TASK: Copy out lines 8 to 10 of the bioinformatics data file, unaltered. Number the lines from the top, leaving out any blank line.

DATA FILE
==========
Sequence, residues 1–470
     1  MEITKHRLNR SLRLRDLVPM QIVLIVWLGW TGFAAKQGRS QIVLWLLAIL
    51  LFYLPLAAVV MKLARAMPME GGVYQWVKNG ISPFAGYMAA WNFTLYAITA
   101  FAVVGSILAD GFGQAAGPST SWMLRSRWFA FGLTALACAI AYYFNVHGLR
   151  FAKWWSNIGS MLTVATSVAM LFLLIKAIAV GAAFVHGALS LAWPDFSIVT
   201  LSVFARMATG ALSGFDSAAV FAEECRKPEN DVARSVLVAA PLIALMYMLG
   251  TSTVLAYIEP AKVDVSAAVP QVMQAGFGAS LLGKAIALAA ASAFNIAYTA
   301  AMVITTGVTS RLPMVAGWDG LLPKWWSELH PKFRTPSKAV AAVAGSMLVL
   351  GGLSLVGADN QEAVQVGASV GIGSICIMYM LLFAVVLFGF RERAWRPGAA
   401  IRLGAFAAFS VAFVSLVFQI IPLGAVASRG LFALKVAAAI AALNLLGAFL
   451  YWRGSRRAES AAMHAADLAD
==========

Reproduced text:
   301  AMVITTGVTS RLPMVAGWDG LLPKWWSELH PKFRTPSKAV AAVAGSMLVL
   351  GGLSLVGADN QEAVQVGASV GIGSICIMYM LLFAVVLFGF RERAWRPGAA
   401  IRLGAFAAFS VAFVSLVFQI IPLGAVASRG LFALKVAAAI AALNLLGAFL